The Ardern government may have been stirred, but it wasn’t shaken, by the nationwide protest by farmers last Friday. And no matter how far the protest may have turned heads in the rest of the population, it leaves farmers no further advanced in persuading ministers to modify or revise the policies which their action targeted.
So if ministers won’t back down on their environmental reforms or their climate change policies, where can the farmers go? Parade through Wellington to Parliament? Mount a 24-hour vigil in Parliament Grounds?
So far there has been silence from the originators of the Groundswell and if there is a new sense of unity in the rural regions, it has yet to be channelled into the kind of pressure that automatically achieves change.
Farmers may be disenchanted with being told how to farm, but the evidence of climate change has been rammed home in the provinces in recent days hard enough to convince churlish sceptics of the need for urgent climate action.
As Point of Order sees it, this is the chance for Ardern and her team to find the compromises which will demonstrate to the world that NZ is once more at the front of the curve in farming practices.
In any case, the Ardern government looks as if it has stumbled into an even deeper pit closer to its own doorstep.
The charge is that it has created a “wellbeing” disaster. “Wellbeing” is one of its pre-eminent goals.
Finance Minister Grant Robertson even designs his budgets to achieve “wellbeing” as he pours billions into measures to raise living standards.
But Arthur Grimes, a former chairman of the Reserve Bank and a former Chief Economist at both the Reserve Bank and the National Bank of New Zealand, says the government and Reserve Bank have engineered a “wellbeing disaster”, using the inflation targeting approach towards monetary policy he designed in the late-1980s.
Grimes, who now heads up Wellbeing and Public Policy at Victoria University and is a Senior Fellow at Motu Economic and Public Policy Research, laments the explosion in house prices that has accompanied the RBNZ’s slashing of interest rates.
“This is the worst wellbeing disaster we’ve probably had in the last two decades,” he told interest.co.nz.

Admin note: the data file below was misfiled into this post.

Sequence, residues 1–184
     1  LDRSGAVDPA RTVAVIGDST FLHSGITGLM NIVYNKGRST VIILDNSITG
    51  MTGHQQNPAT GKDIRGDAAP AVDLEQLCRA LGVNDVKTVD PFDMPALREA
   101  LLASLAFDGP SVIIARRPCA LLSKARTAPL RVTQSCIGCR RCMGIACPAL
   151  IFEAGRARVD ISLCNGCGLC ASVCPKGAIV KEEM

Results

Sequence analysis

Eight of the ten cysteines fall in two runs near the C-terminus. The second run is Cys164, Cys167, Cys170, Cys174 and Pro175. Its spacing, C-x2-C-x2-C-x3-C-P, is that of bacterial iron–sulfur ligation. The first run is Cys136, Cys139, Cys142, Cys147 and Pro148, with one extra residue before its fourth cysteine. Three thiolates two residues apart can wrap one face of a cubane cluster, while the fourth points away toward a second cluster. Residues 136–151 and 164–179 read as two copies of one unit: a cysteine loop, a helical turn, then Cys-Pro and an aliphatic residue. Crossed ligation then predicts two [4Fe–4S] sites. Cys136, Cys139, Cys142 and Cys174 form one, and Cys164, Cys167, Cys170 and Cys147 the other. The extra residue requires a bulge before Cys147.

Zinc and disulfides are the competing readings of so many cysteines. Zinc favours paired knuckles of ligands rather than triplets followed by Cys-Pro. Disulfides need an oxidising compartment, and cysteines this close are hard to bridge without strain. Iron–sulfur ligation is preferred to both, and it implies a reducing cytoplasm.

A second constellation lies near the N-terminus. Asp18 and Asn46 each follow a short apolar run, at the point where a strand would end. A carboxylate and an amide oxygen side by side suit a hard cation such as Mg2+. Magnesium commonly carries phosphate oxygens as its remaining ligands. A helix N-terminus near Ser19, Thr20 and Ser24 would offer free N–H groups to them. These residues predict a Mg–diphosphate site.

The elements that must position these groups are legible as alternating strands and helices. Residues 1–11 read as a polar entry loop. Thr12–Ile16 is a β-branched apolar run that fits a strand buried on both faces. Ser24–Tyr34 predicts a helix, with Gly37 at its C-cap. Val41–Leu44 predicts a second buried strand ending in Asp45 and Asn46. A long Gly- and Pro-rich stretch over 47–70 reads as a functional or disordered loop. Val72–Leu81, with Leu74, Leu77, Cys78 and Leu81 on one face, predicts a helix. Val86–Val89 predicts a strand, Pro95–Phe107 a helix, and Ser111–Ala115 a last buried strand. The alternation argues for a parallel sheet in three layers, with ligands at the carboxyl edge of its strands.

“I can’t imagine a worse wellbeing outcome that’s been engineered than keeping young people and poorer people out of the housing market.”
He has believed for some time the RBNZ overcooked its response to COVID-19 by loosening monetary policy too much.
He partly attributes this to the RBNZ being required to target annual consumer inflation of between 1% and 3%. Pre-1996, the target was between 0% and 2%.
“You basically have a central bank that’s actively been pushing up the cost of living. It just seems extraordinarily detrimental to wellbeing,” he said.
“If you have a wellbeing government, why would it be trying to push up the cost of living for people?…
“Prices are still going up when inflation is at 1%.”
Grimes believed the RBNZ could be made to target house price inflation in addition to consumer price inflation when setting monetary policy.
He commended the Government for recently requiring the RBNZ to “assess” the impact of its monetary policy on house prices, but maintained it could go further.
Grimes also reiterated his opposition to the Labour-led Government in 2018 requiring the RBNZ to target “maximum sustainable employment” as well as inflation.
He is adamant this requirement prompted the RBNZ to do more to lower interest rates than it should have.
Grimes said the Treasury was “utterly incompetent” when it advised the government on making the change.
“Now we’re seeing the result of that,” he said.
“It’s just terrible what’s been done to the generation that’s left school and getting into the workforce.”
Point of Order suspects the Grimes’ onslaught may be hitting the government where it hurts far harder than the farmers’ howl of protest.